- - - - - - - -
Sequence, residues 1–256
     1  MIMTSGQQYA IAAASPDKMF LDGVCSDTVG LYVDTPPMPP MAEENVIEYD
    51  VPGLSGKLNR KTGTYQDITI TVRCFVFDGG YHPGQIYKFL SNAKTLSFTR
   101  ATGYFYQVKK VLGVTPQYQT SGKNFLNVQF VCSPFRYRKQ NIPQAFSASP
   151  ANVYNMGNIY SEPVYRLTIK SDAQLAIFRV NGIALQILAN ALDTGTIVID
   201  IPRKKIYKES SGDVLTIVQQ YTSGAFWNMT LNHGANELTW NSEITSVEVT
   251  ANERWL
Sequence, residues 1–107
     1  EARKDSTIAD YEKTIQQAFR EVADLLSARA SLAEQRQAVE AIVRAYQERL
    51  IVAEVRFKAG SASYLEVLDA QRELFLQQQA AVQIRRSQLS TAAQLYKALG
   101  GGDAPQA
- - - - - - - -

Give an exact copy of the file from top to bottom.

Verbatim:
Sequence, residues 1–256
     1  MIMTSGQQYA IAAASPDKMF LDGVCSDTVG LYVDTPPMPP MAEENVIEYD
    51  VPGLSGKLNR KTGTYQDITI TVRCFVFDGG YHPGQIYKFL SNAKTLSFTR
   101  ATGYFYQVKK VLGVTPQYQT SGKNFLNVQF VCSPFRYRKQ NIPQAFSASP
   151  ANVYNMGNIY SEPVYRLTIK SDAQLAIFRV NGIALQILAN ALDTGTIVID
   201  IPRKKIYKES SGDVLTIVQQ YTSGAFWNMT LNHGANELTW NSEITSVEVT
   251  ANERWL
Sequence, residues 1–107
     1  EARKDSTIAD YEKTIQQAFR EVADLLSARA SLAEQRQAVE AIVRAYQERL
    51  IVAEVRFKAG SASYLEVLDA QRELFLQQQA AVQIRRSQLS TAAQLYKALG
   101  GGDAPQA